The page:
Noise Parameters and thier effect on Filter design

Thread Starter

sbya1875

Joined May 11, 2021
7
Hi everyone,
I was designing a filter and my team wanted to ensure the total noise to be as low as possible and hence searched for low noise op-amps. I'm actually having a problem with the term Input Voltage Noise Density, like for AD8605, the datasheet mentions Input Voltage Noise Density = 9 nV/sqrt Hz and the total noise in output is around a max of 580 nV/sqrt Hz. Another device, LT6203, where in the datasheet it's mentioned Input Voltage Noise Density = 2 nV/sqrt Hz but the output shows a total noise of around 26 uV/sqrt Hz max. I found this to be strange since I felt low Input Voltage Noise Density meant lower overall noise which isn't the case for my simulations as you can see.

1621261065919.png

LT6203 Noise Response

1621261040384.png

AD8605 Noise Response

I unfortunately do not have much command over the concepts of noise parameters and hence couldn't figure out the mistake from my side. Can anyone please help me out. The simulation files are attached to this.

Thank You,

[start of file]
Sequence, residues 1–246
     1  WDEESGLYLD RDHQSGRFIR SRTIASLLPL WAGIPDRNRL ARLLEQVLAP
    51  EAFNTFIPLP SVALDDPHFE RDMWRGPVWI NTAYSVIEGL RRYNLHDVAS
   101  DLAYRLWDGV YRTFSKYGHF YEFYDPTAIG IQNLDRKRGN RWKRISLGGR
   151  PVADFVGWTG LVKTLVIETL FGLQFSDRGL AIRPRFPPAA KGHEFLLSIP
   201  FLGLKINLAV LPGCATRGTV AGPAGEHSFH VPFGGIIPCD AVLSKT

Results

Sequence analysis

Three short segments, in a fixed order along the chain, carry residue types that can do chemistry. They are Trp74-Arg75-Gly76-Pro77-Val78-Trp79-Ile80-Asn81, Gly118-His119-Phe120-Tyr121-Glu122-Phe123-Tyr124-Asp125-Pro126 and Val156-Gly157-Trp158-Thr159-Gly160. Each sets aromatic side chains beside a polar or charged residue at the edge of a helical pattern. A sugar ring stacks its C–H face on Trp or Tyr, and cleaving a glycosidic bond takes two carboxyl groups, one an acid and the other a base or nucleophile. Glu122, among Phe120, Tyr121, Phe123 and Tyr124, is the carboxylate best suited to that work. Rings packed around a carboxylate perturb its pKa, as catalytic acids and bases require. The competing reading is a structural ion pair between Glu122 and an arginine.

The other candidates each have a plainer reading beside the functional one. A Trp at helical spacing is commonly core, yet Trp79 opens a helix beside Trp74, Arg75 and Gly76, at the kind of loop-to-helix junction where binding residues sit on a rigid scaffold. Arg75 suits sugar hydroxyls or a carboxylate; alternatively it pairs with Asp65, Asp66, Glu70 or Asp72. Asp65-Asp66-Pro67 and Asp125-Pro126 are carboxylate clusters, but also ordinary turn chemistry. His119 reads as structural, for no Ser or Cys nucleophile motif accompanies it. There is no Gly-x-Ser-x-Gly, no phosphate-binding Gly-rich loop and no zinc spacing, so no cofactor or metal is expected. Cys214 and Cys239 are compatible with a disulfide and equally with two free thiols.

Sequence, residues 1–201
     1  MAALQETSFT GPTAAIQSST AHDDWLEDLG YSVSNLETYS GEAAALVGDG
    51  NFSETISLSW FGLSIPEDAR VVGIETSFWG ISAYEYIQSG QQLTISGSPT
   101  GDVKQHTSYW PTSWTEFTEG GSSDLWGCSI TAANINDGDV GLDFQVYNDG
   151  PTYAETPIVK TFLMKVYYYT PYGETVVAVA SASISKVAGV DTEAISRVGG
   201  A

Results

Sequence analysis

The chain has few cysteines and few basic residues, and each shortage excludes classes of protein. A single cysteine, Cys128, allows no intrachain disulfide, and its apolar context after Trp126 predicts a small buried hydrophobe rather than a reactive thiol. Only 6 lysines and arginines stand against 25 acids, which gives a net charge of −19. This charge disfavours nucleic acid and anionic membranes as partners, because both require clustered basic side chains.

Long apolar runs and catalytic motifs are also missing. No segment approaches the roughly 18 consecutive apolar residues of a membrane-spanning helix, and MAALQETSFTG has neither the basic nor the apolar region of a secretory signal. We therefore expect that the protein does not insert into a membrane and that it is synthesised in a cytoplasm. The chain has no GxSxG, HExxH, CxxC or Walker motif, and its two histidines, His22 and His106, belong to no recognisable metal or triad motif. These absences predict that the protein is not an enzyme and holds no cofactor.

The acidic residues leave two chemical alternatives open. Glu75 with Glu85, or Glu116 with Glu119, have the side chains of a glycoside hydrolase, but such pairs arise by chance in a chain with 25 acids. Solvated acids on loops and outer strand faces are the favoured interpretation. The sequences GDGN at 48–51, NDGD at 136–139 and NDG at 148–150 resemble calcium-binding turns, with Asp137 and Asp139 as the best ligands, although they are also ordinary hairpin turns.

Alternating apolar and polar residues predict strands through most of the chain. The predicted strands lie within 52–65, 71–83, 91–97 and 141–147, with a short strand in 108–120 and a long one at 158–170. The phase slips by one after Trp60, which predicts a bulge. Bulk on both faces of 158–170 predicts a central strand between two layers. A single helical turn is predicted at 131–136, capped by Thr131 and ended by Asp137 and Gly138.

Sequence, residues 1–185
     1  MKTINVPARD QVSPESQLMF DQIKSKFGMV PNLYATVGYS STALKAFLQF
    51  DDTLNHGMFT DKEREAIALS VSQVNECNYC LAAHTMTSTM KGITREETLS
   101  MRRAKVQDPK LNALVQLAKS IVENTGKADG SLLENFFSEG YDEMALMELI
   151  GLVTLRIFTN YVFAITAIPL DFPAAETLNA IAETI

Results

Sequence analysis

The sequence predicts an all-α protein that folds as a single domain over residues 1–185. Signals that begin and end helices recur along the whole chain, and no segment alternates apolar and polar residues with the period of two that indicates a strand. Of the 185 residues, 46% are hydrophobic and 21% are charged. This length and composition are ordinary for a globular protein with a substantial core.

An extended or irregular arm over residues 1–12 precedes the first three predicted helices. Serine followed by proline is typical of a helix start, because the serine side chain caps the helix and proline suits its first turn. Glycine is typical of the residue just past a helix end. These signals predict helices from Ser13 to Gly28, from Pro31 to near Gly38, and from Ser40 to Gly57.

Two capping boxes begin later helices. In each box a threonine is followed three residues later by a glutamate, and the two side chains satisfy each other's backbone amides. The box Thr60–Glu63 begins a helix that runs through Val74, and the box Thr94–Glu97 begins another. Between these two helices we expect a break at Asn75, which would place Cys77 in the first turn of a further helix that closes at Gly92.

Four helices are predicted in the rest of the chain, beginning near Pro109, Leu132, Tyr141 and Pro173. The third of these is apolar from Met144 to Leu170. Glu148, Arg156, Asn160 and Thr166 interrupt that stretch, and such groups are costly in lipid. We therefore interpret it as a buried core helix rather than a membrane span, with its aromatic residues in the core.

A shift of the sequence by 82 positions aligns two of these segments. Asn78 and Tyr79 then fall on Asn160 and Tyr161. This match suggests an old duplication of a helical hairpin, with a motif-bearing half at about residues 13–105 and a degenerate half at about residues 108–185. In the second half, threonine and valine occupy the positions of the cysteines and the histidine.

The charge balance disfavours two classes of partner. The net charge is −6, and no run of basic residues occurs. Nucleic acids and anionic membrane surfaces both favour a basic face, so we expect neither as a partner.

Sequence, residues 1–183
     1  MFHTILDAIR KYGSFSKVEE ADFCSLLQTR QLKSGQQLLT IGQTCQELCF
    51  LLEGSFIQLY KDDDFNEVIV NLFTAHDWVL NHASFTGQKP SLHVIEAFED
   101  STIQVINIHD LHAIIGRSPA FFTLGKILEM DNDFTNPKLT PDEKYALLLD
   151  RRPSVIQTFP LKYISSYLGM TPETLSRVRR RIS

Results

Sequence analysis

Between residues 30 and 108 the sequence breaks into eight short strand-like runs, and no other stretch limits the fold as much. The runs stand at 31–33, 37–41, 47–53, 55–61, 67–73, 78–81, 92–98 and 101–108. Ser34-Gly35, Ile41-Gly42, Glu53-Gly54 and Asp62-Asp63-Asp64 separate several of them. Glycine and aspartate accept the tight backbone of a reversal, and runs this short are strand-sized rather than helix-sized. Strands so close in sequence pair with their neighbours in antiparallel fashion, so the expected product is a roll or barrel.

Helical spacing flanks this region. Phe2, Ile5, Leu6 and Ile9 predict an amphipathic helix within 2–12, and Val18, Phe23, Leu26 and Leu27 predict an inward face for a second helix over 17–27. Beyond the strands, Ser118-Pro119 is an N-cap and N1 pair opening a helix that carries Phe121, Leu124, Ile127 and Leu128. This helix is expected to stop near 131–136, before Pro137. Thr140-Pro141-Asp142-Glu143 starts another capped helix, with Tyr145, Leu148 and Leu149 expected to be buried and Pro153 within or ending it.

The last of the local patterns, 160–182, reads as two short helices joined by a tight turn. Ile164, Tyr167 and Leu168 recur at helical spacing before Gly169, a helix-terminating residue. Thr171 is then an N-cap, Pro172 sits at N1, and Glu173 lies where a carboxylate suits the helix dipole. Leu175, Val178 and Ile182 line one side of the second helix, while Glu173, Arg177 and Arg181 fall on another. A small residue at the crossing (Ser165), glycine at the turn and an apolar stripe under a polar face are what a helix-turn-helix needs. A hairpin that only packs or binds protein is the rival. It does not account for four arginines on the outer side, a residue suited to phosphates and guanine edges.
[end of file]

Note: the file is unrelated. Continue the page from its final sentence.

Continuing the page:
With Regards,
Srinjay Bhattacharya
 

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Ian0

Joined Aug 7, 2020
2,189
What you are looking at is the combination of white noise which has a flat spectrum and 1/f noise which rises at 6dB per octave at low frequency. There is a parameter called "1/f noise corner", where white noise and 1/f noise are equal. Above that frequency the noise spectrum should be flat, and below that frequency the noise will rise at 6dB/octave.

I also note that you haven't mentioned current noise density and your source impedance.
 

Thread Starter

sbya1875

Joined May 11, 2021
7
What you are looking at is the combination of white noise which has a flat spectrum and 1/f noise which rises at 6dB per octave at low frequency. There is a parameter called "1/f noise corner", where white noise and 1/f noise are equal. Above that frequency the noise spectrum should be flat, and below that frequency the noise will rise at 6dB/octave.

I also note that you haven't mentioned current noise density and your source impedance.
Thanks for helping out.
 
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